'We closed the gate on annexation'

UAE envoy: With Israel deal done, we’ll directly advocate for Palestinian state

In new op-ed for Israeli paper, ambassador to US says agreement will provide Abu Dhabi with ‘stronger’ tools to ‘forcefully’ promote rights of the Palestinian people

Emirati Ambassador to the US Yousef al-Otaiba at an event with then-US House speaker Paul Ryan, at the Emirates Diplomatic Academy, in Abu Dhabi, United Arab Emirates, January 25, 2018. (AP/Jon Gambrell)
Emirati Ambassador to the US Yousef al-Otaiba at an event with then-US House speaker Paul Ryan, at the Emirates Diplomatic Academy, in Abu Dhabi, United Arab Emirates, January 25, 2018. (AP/Jon Gambrell)

In his second op-ed for an Israeli newspaper, the United Arab Emirates’s ambassador  to the US said the new normalization agreement with Israel would allow for “direct” advocacy for the Palestinian cause, including the establishment of a sovereign state, now with “stronger” tools.

“As we have for fifty years, we will forcefully advocate for these ends,” Yousef Al-Otaiba wrote in the piece for Yedioth Ahronoth. “Now, we will do it directly, face to face and empowered with stronger incentives, policy options and diplomatic tools.

“The UAE will remain an ardent and consistent supporter of the Palestinian people — for their dignity, their rights and their own sovereign state. They must share in the benefits of normalization,” he wrote.

“We also closed the gate on annexation and created new dynamics in the peace process,” Al-Otaiba said.

UAE ambassador in Washington Yousef al-Otaiba, September 18, 2014. (UAE embassy website)

In his first op-ed in June, months before the normalization deal was clinched, Al-Otaiba warned Jerusalem against its plan to unilaterally annex parts of the West Bank, saying such a move would destroy any hopes for further rapprochement between the Jewish state and the Arab world.

Al-Otaiba was one of the three Arab ambassadors to attend the White House ceremony during which US President Donald Trump unveiled his peace plan for the Middle East.

Israel and the UAE announced an agreement last week to establish full normalized relations. The agreement makes the UAE the third Arab country, after Egypt and Jordan, to have full, active diplomatic ties with Israel.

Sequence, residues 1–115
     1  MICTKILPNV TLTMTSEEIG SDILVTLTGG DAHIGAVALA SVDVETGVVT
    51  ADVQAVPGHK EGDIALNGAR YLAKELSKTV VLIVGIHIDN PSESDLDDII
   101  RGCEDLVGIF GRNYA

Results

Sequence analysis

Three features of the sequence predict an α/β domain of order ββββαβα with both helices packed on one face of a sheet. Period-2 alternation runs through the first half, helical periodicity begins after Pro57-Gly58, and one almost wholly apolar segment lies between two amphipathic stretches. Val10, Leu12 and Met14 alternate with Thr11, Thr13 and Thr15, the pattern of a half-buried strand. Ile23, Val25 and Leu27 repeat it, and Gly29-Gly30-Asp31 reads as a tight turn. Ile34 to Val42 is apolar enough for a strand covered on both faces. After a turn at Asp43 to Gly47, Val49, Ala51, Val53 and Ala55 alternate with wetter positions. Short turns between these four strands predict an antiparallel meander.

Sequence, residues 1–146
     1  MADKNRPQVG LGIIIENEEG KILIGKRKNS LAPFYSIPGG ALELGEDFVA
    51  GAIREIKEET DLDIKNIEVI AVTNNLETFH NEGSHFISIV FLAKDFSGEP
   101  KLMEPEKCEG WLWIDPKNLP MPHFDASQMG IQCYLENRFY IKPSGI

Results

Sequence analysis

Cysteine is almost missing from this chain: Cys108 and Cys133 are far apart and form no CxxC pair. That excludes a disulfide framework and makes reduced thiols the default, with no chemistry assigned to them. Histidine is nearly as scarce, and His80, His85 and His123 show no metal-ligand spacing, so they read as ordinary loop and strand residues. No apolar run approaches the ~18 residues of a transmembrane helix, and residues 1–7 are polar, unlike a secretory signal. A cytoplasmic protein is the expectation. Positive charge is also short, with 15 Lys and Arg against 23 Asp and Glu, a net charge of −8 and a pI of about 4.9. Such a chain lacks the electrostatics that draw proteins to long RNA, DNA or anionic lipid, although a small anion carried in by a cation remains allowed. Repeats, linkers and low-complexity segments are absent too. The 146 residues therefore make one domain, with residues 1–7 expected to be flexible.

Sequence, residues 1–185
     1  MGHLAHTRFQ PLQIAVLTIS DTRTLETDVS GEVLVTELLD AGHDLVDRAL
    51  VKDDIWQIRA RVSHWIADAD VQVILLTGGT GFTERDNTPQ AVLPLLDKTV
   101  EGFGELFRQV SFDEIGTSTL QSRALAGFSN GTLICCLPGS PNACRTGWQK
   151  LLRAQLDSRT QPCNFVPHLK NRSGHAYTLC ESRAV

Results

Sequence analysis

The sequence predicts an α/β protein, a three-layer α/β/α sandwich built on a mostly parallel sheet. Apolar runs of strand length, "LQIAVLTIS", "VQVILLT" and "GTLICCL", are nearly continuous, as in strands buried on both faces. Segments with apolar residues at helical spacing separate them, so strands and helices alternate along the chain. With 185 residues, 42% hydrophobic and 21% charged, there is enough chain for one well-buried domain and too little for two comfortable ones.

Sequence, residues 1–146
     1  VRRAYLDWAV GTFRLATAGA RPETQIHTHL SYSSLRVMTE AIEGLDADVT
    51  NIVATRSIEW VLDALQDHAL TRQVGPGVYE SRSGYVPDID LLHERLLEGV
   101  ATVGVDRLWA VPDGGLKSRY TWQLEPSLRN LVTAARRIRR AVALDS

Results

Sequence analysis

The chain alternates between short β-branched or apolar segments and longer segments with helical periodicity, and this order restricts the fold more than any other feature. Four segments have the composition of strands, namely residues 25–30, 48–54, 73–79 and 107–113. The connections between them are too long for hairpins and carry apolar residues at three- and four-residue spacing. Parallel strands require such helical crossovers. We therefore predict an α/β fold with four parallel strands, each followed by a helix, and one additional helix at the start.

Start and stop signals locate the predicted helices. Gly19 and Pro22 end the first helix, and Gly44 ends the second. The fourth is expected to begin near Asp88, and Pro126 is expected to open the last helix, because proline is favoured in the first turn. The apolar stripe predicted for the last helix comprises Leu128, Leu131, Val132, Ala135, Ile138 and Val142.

Prime Minister Benjamin Netanyahu has denied reports the deal included a green light for the US to sell Abu Dhabi its most advanced fighter jets and UAVs.

As part of the deal, which solidifies an existing secret relationship forged over joint opposition to Iran, Israel has agreed to suspend its plans to annex some 30 percent of the West Bank. Netanyahu has insisted he still plans to move forward with those plans later on, though settler leaders doubt this assertion.

A view of the Israeli settlement of Ariel in the West Bank, on July 1, 2020. (Jack Guez/AFP)

Meanwhile, according to the Ir Amim nonprofit, major infrastructure projects in the E-1 corridor close to Jerusalem are still being advanced, which could hinder the creation of a Palestinian state.

Palestinian Authority President Mahmoud Abbas condemned the normalization agreement at a joint meeting of the Palestinian leadership on Tuesday night, and urged other countries to stick to a 2002 Saudi-led proposal that conditions ties with Israel on the creation of a Palestinian state.

While UAE officials have consistently described their agreement as a step toward helping Palestinian statehood by halting annexation plans, Abbas criticized those for whom “the Palestinian question begins and ends with annexation.”

Raphael Ahren and Aaron Boxerman contributed to this report.

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